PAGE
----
As you say, long-term vacancies are a complete disaster if you don't have the income or capital to keep servicing the debt. I worked with a lady a few years ago who was making $30 p/h like I was and yet together with her (average income) husband she had an extensive property portfolio of three investment properties in the outer west plus their own mortgaged home... she loved to rub it in the faces of the rest of us in the tea-room about how she was going to be a retired 'property millionaire' by the time she was forty.

Anyway - the last I heard she was pregnant and one of her properties had been vacant for nearly six months so the whole formula (built on wafer-thin margins to begin with) had become very perilous and she was desperately trying to figure out how to avoid bankruptcy. When I heard what had happened I wanted to feel sorry for her and her husband but I really couldn't... they were just plain greedy and had no contingency planning. That's what I consistently find astonishing with these small-time property investors; people have no idea what to do if something goes wrong.
  don_dunstan Minister for Railways

Location: Adelaide proud
I was speaking to a mate of mine the other day who works in civil engineering (mostly construction but some other things too) and he's usually a fairly conservative type of bloke - but by no means loyal to any party.

Anyway, in his opinion he said that higher unemployment would not be a bad thing for the Aussie economy because it would help to drive down the cost of wages and subsequently the cost of doing business here.  His argument was that a larger pool of unemployed would be helpful because it would make the negotiating positions of employees much harder - but he also acknowledged that it would cause a lot of hardship for those who lost their jobs. His thinking was that 20 years without a recession was too long and this was causing all sorts of problems with high costs, inefficient work and business practices; once upon a time I probably would have been vehemently opposed to that idea but maybe he's right, who am I to argue.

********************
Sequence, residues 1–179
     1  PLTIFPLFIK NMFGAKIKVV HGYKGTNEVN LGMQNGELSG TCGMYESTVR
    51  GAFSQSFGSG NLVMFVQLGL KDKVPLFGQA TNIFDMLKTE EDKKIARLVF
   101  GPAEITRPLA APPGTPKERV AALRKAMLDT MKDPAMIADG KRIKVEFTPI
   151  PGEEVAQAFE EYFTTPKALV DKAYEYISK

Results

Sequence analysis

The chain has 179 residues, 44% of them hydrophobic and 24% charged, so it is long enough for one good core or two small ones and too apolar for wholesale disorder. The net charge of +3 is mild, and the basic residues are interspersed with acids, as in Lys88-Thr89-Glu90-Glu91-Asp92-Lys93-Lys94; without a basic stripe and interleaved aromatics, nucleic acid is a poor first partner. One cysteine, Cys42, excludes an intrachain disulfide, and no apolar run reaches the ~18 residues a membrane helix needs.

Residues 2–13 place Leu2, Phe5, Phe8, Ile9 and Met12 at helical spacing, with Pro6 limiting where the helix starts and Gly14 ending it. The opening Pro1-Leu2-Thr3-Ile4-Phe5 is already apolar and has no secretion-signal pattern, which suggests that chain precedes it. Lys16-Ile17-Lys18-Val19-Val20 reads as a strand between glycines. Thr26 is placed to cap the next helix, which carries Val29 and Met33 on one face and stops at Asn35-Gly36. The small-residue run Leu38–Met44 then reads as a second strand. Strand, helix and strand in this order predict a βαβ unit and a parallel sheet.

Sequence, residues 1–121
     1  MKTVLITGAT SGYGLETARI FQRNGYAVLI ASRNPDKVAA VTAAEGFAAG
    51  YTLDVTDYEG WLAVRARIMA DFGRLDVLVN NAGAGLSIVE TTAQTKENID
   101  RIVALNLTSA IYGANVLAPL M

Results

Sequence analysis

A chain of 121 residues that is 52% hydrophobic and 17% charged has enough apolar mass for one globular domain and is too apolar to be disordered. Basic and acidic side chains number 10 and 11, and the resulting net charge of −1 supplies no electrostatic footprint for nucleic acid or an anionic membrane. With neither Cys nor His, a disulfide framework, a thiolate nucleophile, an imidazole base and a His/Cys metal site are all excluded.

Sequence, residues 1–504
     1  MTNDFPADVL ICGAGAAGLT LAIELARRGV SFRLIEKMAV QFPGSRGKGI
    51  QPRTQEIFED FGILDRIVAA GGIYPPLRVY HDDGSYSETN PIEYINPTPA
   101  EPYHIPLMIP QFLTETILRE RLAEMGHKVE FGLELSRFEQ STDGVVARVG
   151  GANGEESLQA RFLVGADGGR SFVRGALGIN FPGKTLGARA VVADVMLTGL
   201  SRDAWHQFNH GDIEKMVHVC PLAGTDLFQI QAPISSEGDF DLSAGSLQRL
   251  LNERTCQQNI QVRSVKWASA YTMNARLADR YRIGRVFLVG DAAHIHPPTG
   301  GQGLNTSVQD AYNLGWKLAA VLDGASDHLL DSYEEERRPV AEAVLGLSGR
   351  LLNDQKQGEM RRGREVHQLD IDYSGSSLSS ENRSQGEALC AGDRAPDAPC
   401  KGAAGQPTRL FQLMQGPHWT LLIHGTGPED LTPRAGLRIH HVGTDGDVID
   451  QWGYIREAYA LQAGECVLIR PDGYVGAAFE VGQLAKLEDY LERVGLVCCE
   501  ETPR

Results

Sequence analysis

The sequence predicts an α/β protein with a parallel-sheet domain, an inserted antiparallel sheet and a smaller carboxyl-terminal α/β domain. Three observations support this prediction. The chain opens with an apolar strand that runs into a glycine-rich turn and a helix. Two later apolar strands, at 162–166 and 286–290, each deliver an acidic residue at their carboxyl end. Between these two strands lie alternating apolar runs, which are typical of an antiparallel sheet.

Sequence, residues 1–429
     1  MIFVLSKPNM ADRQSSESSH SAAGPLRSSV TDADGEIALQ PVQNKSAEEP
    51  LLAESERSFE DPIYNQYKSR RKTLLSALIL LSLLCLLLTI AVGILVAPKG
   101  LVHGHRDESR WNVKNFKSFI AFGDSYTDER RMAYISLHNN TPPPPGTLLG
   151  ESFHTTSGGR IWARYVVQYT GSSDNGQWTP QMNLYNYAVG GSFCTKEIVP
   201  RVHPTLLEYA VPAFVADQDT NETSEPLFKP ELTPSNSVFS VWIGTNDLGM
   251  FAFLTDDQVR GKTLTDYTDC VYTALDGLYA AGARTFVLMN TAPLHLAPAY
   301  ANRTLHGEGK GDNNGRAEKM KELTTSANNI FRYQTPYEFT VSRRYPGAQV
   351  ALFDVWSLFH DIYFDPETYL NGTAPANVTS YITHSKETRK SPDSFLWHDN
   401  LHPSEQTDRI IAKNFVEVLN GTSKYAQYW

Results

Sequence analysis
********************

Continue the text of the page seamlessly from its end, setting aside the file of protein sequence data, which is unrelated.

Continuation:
He was also bagging out industry assistance for people like Holden because he said that ultimately it was a waste of money.  I do see that point of view as a perfectly valid one but on the other hand he was lamenting the shortage of experienced and skilled engineers in this country (457 visa anyone?)... it's kind-of a catch 22 when we are rapidly losing places like Holden where said engineers might be able to gain experience.

Interesting to hear another point of view anyway.
  waxyzebu Locomotive Driver

I was speaking to a mate of mine the other day who works in civil engineering (mostly construction but some other things too) and he's usually a fairly conservative type of bloke - but by no means loyal to any party.

Anyway, in his opinion he said that higher unemployment would not be a bad thing for the Aussie economy because it would help to drive down the cost of wages and subsequently the cost of doing business here. His argument was that a larger pool of unemployed would be helpful because it would make the negotiating positions of employees much harder - but he also acknowledged that it would cause a lot of hardship for those who lost their jobs. His thinking was that 20 years without a recession was too long and this was causing all sorts of problems with high costs, inefficient work and business practices; once upon a time I probably would have been vehemently opposed to that idea but maybe he's right, who am I to argue.
don_dunstan


I don't think he's right about higher unemployment being "not a bad thing for the economy" at all. In fact, reading that along with his rationale, it seems pretty elitist to me. Either way, higher unemployment is happening.